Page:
Ancient trees reveal Australia's bushfire history
Published: Tuesday 12th April 2016
Trekking through the remains of an ancient forest in Tasmania, hiking up a mountain and camping for the first time are all achievements NSW School of Arts Geography Honours student Raquel Russo can now cross off her bucket list.
Raquel has just spent a week in Tasmania in the name of research for her Honours project – a study looking at the tree rings of the Athrotaxis species and what they can show us about the history of bushfires in Australia and their impact.
Raquel’s study has particular relevance given that parts of north-western Tasmania have recently experienced devastating bushfires.
“I wanted to specifically look at dendrochronology and the impacts of natural hazards on trees,” Raquel says. Dendrochronology is the dating of a tree based on the pattern of the rings inside it.
“I was advised by my co-supervisors Duncan Cook (ACU School of Arts, NSW) and Kathy Allen (University of Melbourne) that I should focus my thesis on the Athrotaxis tree species as they responded quite well to Australia's climate and are able to date back to 1000’s of years ago.”
With the remains of an ancient Athrotaxis forest still accessible in Tasmania’s north-west, Raquel and her supervisors packed their hiking gear and tents and set off for some field work.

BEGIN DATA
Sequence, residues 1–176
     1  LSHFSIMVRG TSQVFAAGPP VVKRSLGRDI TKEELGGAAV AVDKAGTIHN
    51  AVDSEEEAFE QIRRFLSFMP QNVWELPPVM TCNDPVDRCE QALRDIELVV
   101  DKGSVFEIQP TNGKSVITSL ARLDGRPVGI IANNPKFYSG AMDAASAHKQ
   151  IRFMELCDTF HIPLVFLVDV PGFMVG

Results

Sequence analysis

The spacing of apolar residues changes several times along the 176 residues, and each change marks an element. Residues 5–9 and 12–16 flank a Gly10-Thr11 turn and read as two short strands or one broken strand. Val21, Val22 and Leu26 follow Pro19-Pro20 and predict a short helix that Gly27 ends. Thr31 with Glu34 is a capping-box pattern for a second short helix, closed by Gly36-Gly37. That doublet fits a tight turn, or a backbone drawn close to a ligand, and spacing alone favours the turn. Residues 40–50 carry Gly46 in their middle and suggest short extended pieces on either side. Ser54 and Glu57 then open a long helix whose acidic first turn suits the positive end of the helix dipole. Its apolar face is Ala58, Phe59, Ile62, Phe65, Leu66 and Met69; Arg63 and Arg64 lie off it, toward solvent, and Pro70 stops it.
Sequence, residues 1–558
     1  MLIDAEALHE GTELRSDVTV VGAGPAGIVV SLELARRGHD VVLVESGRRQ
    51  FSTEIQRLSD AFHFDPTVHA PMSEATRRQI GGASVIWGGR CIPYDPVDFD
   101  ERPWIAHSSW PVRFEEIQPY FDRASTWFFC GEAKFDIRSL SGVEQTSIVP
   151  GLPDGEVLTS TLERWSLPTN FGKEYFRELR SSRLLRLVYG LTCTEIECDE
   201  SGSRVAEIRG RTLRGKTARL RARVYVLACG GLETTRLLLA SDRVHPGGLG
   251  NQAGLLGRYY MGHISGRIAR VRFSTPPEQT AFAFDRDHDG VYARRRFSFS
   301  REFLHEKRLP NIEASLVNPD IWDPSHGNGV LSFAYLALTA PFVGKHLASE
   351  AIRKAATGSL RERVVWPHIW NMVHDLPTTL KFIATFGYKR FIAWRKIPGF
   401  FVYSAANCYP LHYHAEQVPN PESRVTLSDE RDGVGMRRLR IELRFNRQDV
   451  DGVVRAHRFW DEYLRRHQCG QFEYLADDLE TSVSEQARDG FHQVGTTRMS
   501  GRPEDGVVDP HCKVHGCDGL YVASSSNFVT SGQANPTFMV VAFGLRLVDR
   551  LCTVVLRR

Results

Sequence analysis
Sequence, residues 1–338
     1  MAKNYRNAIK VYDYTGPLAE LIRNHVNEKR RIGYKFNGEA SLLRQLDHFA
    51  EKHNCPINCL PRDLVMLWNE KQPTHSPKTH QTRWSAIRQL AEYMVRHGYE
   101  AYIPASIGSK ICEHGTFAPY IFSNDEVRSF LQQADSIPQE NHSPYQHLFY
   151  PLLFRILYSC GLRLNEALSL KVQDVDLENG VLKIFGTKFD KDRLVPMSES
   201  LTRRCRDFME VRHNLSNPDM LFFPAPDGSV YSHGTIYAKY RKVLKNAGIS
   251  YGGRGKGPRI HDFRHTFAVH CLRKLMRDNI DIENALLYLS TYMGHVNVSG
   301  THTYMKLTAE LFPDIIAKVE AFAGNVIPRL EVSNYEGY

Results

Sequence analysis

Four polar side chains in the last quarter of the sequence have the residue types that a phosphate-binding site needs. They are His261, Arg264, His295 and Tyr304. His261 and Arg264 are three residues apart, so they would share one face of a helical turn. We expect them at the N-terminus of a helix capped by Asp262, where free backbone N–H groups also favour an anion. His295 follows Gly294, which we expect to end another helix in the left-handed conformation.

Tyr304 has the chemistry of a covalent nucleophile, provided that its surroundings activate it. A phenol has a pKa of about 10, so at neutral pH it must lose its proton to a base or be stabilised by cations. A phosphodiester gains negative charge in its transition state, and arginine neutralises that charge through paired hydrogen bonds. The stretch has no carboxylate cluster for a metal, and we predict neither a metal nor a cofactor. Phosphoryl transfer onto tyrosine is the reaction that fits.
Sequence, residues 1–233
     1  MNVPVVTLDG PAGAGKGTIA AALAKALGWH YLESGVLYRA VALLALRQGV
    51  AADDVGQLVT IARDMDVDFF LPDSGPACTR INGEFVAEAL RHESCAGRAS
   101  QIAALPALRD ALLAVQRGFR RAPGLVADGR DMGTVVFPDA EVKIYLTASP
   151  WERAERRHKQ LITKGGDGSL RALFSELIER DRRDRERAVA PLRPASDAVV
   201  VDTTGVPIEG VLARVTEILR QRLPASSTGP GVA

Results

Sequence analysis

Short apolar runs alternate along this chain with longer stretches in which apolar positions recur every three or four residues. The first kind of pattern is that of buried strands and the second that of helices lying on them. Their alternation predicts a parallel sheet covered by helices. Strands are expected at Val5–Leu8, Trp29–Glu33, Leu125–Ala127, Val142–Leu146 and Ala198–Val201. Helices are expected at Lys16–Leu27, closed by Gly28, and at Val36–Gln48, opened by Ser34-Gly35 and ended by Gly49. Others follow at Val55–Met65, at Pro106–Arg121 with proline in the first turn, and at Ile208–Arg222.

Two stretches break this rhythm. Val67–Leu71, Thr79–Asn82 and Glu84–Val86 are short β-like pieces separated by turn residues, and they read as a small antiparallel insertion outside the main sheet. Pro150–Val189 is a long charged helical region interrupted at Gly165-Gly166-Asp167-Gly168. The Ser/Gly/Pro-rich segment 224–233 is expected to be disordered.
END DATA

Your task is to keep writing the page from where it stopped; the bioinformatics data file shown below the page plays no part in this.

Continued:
“Duncan, Kathy and myself camped at Lake Gaye for two nights, collecting tree ring samples from a forest of dead Athrotaxis trees. After this I went back to the University of Tasmania with Kathy to conduct lab work; mounting the samples on planks of wood, sanding them down and using different software to analyse the tree rings and to identify the birth and death dates of the samples as well as the impact of bushfires on these trees.
“I expect to find some good correlations between ring width and Australia's climate e.g. temperature and precipitation, as it will help me identify years that were experiencing periods of drought and whether any rotting or fire scars are present in the samples. This would then link back to how bushfires have and are impacting on these species,” Raquel explains.
Having developed her keen interest in physical geography as a Bachelor of Teaching/Bachelor of Arts student, Raquel thought a Bachelor of Honours was the next logical step in her studies and is relishing the challenge that field work provides.
“When I started my honours program I knew I had to do some fieldwork but probably not to the extent of camping, as I have never been camping before.
“It was a bit of challenge for me to face, but because I was pretty adamant and passionate about this topic, I realised that if I wanted to achieve great results from my thesis then I would have to endure climbing a 900m mountain, the ‘bush bashing’ and crawling on logs to cross one side of the lake to the next topic.
“But in the end I knew it was going to be beneficial to not only my thesis but also have the experience of working in the field with professionals who have discovered the first centennial-length tree-ring chronology in Australia and quite possibly the world.“